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DOL Advisory Board Continues Its Mission to Provide Guidance to Claims Examiners

December 21, 2016

December 21, 2016

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News & Events

The Department of Labor’s Advisory Board on Toxic Substances and Worker Health’s Subcommittee on Medical Advice, re: Weighing of Medical Evidence, held a teleconference on December 12, 2016.  The agenda included discussion of the findings after a review of 14 claims, a review of some training materials, and talk about the logistics for a few of the Subcommittee members to meet with claims examiners in a focus group.

Claims Review

The claims reviewed by the Subcommittee ranged from cancers to hearing loss. While this is an extremely small sampling (a total of 90,508 Part E claims have been filed as of 12/11/16), the Subcommittee found a number of common deficiencies among the claims they reviewed.

Half of the claims reviewed had at least one disease that was not developed, or was stopped from being developed, because a search of the Site Exposure Matrix did not produce a link between the disease and exposure to a toxic substance.

One claim was approved for hearing loss even though the worker was not employed in one of the labor categories DOL specifies as being susceptible to hearing loss in their procedure manual.

Another claimant was approved for kidney disease because of his exposure to trichloroethylene (TCE) at a gaseous diffusion facility.  This claimant was employed less than a year but the CMC found a scientific study which implicated TCE as causative factor in causing kidney cancer in workers who had less than one year’s exposure.

One claim had over 500 pages of documents.  It was well organized and easy for the Subcommittee member to review.  Other files were not so organized and at least one had a copy of the CMC’s report missing.

The Subcommittee members voiced the opinion that the Contract Medical Consultant (CMC) must have a copy of the complete file.  The current policy is that the claims examiner will decide which information in the file will be forwarded to the CMC in the Statement of Accepted Facts (SOAF).  The Subcommittee has serious concerns that some valuable information will not be included and that may result in a faulty opinion.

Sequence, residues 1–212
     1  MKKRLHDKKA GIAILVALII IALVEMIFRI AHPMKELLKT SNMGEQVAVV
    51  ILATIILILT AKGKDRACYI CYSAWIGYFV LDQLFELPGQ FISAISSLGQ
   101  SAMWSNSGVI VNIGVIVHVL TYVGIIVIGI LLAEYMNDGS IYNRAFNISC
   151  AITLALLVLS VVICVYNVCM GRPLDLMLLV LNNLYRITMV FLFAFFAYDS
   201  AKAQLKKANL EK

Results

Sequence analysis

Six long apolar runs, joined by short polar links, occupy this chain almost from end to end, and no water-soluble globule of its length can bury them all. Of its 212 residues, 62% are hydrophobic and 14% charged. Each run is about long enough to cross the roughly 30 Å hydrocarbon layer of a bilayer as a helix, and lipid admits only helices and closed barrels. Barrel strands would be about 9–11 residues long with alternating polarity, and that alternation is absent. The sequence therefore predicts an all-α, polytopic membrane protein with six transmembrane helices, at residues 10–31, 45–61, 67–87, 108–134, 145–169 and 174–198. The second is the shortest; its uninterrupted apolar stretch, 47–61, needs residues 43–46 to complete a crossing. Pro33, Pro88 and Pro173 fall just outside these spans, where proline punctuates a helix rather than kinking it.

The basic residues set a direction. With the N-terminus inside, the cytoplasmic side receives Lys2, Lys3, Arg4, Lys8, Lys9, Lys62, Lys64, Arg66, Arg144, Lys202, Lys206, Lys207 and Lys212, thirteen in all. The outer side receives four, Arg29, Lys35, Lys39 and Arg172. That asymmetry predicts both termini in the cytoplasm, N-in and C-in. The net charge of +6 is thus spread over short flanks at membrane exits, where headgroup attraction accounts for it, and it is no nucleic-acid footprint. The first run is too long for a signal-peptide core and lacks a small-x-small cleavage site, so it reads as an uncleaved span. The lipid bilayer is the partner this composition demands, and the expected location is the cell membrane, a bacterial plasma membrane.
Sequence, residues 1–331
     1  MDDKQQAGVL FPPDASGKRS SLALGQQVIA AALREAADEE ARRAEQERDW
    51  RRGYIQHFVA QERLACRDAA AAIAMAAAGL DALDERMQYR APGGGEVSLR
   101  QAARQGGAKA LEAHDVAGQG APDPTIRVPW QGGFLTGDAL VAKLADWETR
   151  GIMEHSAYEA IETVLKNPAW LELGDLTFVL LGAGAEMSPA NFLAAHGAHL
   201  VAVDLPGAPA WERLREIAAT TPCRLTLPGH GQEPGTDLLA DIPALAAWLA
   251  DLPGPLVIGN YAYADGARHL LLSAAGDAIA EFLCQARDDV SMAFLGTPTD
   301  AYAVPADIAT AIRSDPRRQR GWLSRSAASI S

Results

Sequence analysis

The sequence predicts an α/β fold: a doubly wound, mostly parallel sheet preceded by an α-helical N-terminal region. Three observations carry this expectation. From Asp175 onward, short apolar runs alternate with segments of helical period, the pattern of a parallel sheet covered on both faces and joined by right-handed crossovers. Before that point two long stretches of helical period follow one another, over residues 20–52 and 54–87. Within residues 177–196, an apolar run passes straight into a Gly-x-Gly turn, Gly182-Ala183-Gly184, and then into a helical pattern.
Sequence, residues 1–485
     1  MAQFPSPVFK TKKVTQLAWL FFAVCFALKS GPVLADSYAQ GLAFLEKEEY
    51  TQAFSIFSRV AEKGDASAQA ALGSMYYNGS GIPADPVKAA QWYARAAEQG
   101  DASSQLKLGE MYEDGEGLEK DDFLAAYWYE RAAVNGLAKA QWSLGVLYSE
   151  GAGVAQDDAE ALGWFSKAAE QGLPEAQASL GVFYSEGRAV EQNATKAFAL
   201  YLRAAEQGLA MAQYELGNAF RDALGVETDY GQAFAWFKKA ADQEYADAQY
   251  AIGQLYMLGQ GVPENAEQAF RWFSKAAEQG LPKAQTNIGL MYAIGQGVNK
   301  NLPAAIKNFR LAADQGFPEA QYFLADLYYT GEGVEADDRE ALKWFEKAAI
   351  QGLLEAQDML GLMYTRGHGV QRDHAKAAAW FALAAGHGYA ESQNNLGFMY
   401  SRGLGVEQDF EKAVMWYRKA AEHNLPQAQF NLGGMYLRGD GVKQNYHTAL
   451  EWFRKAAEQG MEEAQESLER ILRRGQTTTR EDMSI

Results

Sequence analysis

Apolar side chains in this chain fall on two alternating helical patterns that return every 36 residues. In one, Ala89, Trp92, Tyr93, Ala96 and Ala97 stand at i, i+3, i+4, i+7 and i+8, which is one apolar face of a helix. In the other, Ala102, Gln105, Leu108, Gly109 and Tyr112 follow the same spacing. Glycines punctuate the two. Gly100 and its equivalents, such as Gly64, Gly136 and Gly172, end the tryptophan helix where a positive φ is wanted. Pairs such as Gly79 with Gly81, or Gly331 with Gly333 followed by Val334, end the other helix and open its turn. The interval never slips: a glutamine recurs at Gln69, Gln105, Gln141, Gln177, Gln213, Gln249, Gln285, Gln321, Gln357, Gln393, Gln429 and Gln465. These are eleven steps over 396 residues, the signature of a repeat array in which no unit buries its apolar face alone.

It was noted that it appears that the sick claimants or their survivors are not in a good position to advocate for themselves.  One claim that was reviewed revealed that only with the help of an authorized representative was the claimant able to prove that he qualified as a member of the Special Exposure Cohort.

Training Materials

The next discussion concerned the training manuals.  A couple of members questioned why these materials weren’t provided to the Board when they asked for them during the April 2016 meeting.  They thought they were told by the DOL that there weren’t any materials. However, they have since been provided over 60 documents.  One member said this would have been helpful in the beginning so she could have had a sense of the claims process.  A DOL representative explained that these materials only provide a “basic framework” for the claims examiners but that the National Office performs a “huge volume of case-by-case scenarios” with lots of hands-on evaluation.

Overall, the Subcommittee was pleased with the training materials, however, they did find a few problematic issues.  For example, one document instructs the claims examiner not to deny a claim based on the lack of information in the Site Exposure Matrix.  As noted above in the review of the claims, there appears to be a disconnect between the training materials and what actually happens in the claims process.

The disease link in the Site Exposure Matrix is no longer updated because there is no longer a Memorandum of Understanding between DOL and the Institute of Medicine.  One Subcommittee member asked how new information showing a link between a disease and a toxic substance will be included in the database.  This question will be referred to the Subcommittee reviewing the database.

Claims Examiner (CE) Focus Group

The Subcommittee wants to meet with claims examiners in a small focus group. The DOL representative said that meeting with the union CEs may be a problem but DOL will make the managerial level supervisors and policy people available.  The Subcommittee said that will not be as useful.  They asked DOL to explore the labor relations issue and try to allow it.  The Subcommittee said they need to hear from the CEs not the department heads because the Subcommittee needs to understand things/problems at the CE level to identify problems.